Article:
New York City, NY – Jessica Alba’s company is spending $3 million on research to test if certain chemicals make autism more prevalent.
The Sin City star co-founded The Honest Company when she got tired of lobbying for an overhaul of the 1976 Toxic Control Act. The act currently allows for 80,000 untested chemicals in common household products. Alba wanted to change that.
But when she realized it’s easier to tackle the red carpet then the red tape she did the next best thing: co-found a company that makes plant-based and sustainable products for babies such as diapers and shampoo.
Alba was interviewed by Forbes Magazine and said:
“I went about it in creating a for-profit business around a non-profit issue. I just felt like it would be a more sustainable way to address the issue.”
The company has made $150 million dollars in revenue, in under three years Honest has enough to found what it honestly set out to do: research.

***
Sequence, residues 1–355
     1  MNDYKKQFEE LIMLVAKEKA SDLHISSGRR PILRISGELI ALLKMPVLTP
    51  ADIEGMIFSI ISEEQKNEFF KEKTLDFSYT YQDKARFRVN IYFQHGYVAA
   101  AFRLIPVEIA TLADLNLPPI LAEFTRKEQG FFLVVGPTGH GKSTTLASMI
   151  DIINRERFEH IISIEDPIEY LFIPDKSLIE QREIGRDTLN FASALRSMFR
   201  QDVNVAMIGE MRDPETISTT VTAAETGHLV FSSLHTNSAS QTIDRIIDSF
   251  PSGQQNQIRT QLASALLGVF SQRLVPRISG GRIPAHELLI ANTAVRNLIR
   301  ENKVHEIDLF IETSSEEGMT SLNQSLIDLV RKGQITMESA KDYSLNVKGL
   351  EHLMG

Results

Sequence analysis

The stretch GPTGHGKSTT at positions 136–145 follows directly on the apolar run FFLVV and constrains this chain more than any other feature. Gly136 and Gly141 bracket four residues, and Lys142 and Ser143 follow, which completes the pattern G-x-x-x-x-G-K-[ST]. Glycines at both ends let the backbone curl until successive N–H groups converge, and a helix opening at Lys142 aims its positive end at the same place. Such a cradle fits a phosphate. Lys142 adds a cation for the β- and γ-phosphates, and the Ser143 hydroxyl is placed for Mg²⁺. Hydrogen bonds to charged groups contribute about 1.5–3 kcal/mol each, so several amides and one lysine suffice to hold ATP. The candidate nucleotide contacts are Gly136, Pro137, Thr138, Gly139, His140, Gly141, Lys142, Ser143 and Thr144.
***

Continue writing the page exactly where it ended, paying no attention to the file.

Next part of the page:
In the famed Mount Sinai’s uber-clean room that disallows dust and keeps particles out, a team of epidemiologists working under the Children’s Environmental Health Center chair Dr. Philip Landrigan, are testing baby teeth for links between common chemicals and autism.
Landrigan, most known for his CDC research that led to the banning of lead-based paint for residential use, met with Forbes and acknowledged that every American knows that autism rates are on the increase. He further added:
Some of that is due to better awareness and earlier diagnosis, but that’s only part of it. We know there’s clearly a genetic bias, but genetic change doesn’t occur quickly. There’s clearly something in the environment. What might that be?”
To find the chemical culprits Landrigan and his teem will test teeth from children without, and with, autism. According to him this will allow them to see the child’s interaction with chemicals as far back as the third or forth month of pregnancy when teeth begin to form.
Contributed by Audrey L. Hollingshead.
Source: Clare O’Connor on the Forbes website: Jessica Alba’s Honest Co. Funding Research On Chemical Link To Autism